These 5 Indoor Plants Fight Sadness and Are Proven To Make You Happier

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indoor plants fight sadness

We all love the aesthetic of foliage inside our homes, but what if the very plants you loved looking at, improved your health as well?

It is well known that plants have a direct influence on our well-being. After all, they do help convert carbon dioxide into clean oxygen – an incredible feat that is much needed in our heavily polluted, over-populated world.

Not so surprisingly, recent studies have suggested that indoor plants fight sadness and improve our overall well-being. This is good news, considering many of us spend over 80% of our lives indoors (especially those of us that live in colder climates in the winter!).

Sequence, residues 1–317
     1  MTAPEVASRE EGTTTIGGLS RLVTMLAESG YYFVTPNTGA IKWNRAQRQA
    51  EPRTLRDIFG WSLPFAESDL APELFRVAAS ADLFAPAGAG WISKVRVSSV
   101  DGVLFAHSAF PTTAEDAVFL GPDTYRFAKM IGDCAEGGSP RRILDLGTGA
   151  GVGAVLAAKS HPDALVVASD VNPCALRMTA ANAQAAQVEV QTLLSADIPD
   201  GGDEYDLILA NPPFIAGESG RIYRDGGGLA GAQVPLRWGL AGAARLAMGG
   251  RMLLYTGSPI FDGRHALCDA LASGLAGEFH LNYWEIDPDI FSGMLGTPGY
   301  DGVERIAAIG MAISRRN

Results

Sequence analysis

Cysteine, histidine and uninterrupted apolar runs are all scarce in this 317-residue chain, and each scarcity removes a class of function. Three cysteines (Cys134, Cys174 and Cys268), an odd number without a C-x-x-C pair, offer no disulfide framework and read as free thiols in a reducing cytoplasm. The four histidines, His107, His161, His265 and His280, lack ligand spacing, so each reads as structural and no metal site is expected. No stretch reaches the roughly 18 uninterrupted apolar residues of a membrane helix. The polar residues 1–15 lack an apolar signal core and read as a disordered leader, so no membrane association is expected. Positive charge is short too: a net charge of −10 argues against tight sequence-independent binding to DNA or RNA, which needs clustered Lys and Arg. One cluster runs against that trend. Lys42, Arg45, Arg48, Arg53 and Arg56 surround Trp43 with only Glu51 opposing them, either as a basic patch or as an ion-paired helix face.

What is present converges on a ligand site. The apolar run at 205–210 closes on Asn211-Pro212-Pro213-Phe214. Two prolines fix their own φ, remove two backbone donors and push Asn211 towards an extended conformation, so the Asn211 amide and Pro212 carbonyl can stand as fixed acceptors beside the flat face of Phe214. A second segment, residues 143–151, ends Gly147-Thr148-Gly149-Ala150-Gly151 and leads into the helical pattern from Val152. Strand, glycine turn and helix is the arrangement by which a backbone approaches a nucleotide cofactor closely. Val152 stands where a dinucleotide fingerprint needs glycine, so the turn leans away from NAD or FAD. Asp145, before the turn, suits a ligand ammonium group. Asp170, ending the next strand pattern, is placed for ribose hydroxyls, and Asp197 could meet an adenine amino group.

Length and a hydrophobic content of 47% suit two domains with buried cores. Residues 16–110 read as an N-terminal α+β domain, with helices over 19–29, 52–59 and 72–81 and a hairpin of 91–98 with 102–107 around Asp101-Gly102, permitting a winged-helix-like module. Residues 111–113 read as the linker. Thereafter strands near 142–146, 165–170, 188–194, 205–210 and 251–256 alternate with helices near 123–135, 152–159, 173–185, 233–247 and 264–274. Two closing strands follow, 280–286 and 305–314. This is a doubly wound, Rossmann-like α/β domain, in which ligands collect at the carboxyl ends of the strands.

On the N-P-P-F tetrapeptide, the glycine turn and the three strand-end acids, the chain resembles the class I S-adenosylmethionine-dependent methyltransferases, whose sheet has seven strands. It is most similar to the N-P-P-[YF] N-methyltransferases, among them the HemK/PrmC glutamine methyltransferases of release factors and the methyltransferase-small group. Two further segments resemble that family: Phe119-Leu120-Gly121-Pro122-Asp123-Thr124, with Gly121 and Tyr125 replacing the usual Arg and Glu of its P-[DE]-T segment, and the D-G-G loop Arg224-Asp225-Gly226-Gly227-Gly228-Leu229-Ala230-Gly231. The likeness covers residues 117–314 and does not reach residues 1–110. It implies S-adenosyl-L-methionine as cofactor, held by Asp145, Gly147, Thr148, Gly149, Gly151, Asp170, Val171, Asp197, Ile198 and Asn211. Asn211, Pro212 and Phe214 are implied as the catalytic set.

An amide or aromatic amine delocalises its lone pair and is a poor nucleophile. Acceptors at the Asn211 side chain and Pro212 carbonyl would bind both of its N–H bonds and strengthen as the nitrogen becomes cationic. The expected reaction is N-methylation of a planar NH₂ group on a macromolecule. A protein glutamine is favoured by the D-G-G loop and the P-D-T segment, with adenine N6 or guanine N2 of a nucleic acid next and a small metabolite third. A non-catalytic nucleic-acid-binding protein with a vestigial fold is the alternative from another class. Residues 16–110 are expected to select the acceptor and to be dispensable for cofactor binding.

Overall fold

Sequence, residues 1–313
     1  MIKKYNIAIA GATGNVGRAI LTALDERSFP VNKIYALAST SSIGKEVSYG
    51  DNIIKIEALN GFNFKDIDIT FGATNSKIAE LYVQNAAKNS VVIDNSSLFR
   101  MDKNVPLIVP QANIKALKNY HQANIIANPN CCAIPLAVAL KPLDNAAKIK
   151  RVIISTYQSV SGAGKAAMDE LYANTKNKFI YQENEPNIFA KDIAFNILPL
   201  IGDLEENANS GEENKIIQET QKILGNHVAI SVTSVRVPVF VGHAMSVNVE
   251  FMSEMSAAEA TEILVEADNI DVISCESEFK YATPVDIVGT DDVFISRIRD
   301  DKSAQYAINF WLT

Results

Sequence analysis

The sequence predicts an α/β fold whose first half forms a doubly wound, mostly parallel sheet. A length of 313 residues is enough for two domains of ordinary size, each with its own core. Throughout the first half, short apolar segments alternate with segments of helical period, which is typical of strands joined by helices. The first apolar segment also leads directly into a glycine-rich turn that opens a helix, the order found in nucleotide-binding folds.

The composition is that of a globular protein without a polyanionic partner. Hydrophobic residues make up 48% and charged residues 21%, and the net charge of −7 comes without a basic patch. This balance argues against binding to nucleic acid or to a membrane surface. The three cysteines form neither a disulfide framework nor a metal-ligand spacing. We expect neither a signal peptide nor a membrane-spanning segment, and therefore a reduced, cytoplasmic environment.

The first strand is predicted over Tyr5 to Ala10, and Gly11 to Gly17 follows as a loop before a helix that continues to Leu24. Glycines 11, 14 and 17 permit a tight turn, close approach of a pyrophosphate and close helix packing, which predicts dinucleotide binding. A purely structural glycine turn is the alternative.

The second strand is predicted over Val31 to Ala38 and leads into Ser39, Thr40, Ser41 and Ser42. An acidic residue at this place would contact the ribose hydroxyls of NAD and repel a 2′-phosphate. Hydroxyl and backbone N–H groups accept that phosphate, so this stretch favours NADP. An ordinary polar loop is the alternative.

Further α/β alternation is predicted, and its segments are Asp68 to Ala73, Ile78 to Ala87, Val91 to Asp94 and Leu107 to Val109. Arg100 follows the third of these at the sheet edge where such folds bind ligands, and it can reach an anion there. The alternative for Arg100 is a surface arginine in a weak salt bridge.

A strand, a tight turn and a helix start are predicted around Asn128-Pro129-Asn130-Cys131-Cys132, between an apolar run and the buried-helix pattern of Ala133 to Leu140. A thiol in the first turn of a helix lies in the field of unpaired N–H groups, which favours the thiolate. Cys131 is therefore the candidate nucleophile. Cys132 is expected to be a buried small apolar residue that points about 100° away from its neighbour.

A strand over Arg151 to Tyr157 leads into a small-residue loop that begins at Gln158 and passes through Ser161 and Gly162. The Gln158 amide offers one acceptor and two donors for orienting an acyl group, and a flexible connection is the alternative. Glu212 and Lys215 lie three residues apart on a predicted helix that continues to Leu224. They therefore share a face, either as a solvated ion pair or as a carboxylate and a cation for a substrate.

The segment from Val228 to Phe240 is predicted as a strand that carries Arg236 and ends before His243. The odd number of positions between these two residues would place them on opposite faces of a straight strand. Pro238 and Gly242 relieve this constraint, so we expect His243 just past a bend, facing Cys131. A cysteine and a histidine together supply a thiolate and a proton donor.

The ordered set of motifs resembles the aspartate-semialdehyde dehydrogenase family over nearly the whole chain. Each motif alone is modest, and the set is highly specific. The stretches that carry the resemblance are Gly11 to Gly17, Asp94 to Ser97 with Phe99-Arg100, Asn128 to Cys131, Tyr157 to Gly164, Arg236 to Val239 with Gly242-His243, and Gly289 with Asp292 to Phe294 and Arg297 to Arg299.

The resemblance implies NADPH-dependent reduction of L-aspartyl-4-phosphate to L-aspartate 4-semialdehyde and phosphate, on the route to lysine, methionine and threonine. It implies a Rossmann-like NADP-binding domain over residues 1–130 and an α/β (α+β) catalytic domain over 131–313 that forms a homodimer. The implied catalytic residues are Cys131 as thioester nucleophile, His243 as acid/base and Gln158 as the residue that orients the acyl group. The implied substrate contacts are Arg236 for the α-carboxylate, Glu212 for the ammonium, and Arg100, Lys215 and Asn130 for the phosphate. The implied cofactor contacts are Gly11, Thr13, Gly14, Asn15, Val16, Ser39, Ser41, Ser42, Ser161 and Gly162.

Why Plants Improve Mood

There are many reasons why plants might improve our mood. To make it easier, I’ll outline the reasons below:

1. Aesthetically pleasing: house plants add a nice balance of colour to just about any room. The colour green is also very calming and grounding, and is even quite stress-reducing. Flowering plants in particular have been found to significantly reduce stress levels. The natural aesthetic beauty of flowers have a soothing effect on our brain, and at the same time help lower high levels of stress and anxiety (1).

2. Need to be loved: plants need to be taken care of to grow and thrive, and the simple act of being a caretaker has a positive effect on our psyche. One study found that those who spend extended periods of time in the presence of plants tend to have better relationships with other people and therefore experience increased levels of happiness (2).